Again, this doesn't really apply to George Floyd, which is about the most clearcut case I've seen in ages -- I'm sure that's why it became such a rallying cry. 

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2 minutes ago, Not_a_Number said:

Well, yes, clearly. But our emphasis as individuals is learning to adjust to the world as it is, not the world as we wish it were. That's the dilemma here. 

And if you overfocus on the things society should do (which you can't control) and underfocus on the things an individual can do (which you can), you can inculcate a kind of learned helplessness in people. And that's troubling, too. 

Again, this doesn't really apply to George Floyd, which is about the most clearcut case I've seen in ages -- I'm sure that's why it became such a rallying cry. 

Wut?  
I don't even understand this.  

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Just now, Not_a_Number said:

I'm sorry to hear that. Perhaps you could ask a question that would make it easier for me to clarify. 

Ok.  Black people are singled out most and arrested at a much higher rate.  They're also disproportionately abused by police officers.    They should "just adjust to the world as it is"?   

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4 minutes ago, WildflowerMom said:

Ok.  Black people are singled out most and arrested at a much higher rate.  They're also disproportionately abused by police officers.    They should "just adjust to the world as it is"?   

Well, that's highly emotional, and I wouldn't phrase it like that... it's not about what they "should" do, it's about the fact that none of us have any choice about it. If I could snap my fingers and change it, I obviously would. And I approve of activism. In the meantime, though... 

Edited by Not_a_Number
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10 minutes ago, Not_a_Number said:

Well, that's highly emotional, and I wouldn't phrase it like that... it's not about what they "should" do, it's about the fact that none of us have any choice about it. If I could snap my fingers and change it, I obviously would. And I approve of activism. In the meantime, though... 

you did phrase it like that.   Those were your words.  

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43 minutes ago, Scarlett said:

But it is only smart for people to look around and see ways they can avid being murdered by a bad cop.  And I don’t know why it can’t be a part of the same situation. What better time to discuss it.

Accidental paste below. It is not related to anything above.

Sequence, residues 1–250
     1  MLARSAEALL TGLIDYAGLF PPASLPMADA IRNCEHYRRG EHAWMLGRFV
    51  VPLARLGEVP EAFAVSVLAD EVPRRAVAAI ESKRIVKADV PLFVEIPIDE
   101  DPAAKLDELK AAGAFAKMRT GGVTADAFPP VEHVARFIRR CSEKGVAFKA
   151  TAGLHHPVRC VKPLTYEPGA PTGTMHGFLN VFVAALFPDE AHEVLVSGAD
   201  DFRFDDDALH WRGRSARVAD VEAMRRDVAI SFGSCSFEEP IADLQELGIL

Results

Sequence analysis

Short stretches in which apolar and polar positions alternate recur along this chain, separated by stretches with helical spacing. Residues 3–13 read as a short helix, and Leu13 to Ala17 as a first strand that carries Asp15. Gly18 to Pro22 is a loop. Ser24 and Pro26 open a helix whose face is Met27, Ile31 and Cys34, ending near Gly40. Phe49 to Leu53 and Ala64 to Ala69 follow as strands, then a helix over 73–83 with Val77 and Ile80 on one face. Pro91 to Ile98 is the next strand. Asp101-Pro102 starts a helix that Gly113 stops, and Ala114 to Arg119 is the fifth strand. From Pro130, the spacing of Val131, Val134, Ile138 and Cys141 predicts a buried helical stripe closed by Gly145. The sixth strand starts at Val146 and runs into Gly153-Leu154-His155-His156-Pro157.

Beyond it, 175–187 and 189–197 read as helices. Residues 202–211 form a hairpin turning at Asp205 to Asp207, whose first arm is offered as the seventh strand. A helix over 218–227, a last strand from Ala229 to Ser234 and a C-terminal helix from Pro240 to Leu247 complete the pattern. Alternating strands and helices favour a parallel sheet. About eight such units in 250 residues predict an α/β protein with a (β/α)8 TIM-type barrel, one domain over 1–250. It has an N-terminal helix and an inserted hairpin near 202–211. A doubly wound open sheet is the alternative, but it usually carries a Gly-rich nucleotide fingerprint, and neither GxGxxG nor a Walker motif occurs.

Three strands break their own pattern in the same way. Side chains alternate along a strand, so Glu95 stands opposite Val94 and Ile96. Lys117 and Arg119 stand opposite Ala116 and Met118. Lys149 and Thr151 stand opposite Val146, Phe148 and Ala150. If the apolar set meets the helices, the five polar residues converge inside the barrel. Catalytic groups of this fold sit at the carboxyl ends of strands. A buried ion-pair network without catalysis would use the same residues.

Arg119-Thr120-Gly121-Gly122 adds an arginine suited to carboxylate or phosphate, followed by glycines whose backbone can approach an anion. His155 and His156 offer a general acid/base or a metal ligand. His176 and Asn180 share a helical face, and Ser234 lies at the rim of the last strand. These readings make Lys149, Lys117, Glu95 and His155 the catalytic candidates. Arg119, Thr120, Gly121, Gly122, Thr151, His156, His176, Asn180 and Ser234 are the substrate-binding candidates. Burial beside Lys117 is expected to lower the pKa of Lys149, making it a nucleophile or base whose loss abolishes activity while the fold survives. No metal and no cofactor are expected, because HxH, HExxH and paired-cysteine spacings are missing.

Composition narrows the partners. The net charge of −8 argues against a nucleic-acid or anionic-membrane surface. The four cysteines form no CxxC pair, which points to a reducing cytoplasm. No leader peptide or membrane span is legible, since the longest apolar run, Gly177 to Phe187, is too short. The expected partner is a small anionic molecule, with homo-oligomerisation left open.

(Bolding is mine.)

I'm not sure I see how many people, especially Black people & other PoC, can avoid this. The racism is baked into the system & it has been from the beginning. (There's tons of literature on this out there if you want to research it. As well as plenty of examples on the news & in our daily lives.) Literally, Black people & other PoC are arrested, accused, & sometimes murdered for absolutely no reason at all. Other than they were... outside? Having skin that was a different color? Breathing? How do you "avoid" being murdered by a bad cop when you aren't doing anything wrong in the first place? (This also includes how do you avoid being arrested by a bad cop, etc....)

 

Honestly, it's a pretty effed up country we live in if our conversations have to even revolve around *how do we try to behave better so as not to be murdered by rogue cops*. Seriously, wtf?

Yep, there's crime out there. Yep, bad things happen. Yep, there is probably some need for police in some format. But maybe, just maybe, our police forces are out of control & that's the real conversation that needs to be happening.

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re The Talk vs He's No Angel

1 hour ago, Scarlett said:

...To be clear my thought is NOT a flippant, ‘well that is what he gets, he shouldn’t have passed fake money and he shouldn’t have been on drugs’.  My thought and feeling is, ‘We know there are bad cops out there who will murder you, so please be extra careful what situations you get yourself into., because you don’t deserve to die at the hands  of a bad cop over a minor crime.

 

43 minutes ago, Scarlett said:

What better time to have a discussion then when a prime example is in the news? No I would not go to GFs family and say ‘you know he could have prevented his death. ‘ But  as we talk to people we love and who might listen to us this can be a warning example. ‘There are bad cops out there who will murder you. ‘

These posts suggest (?) that you're working toward is a version of The Talk that a great many POC parents have described as having with their children.  That you will not get the grace / patience / break / warning that a white person in the same situation likely would.  That the reality you face is different. How to hold your tongue, hold your body, speak slowly, keep your hands visible.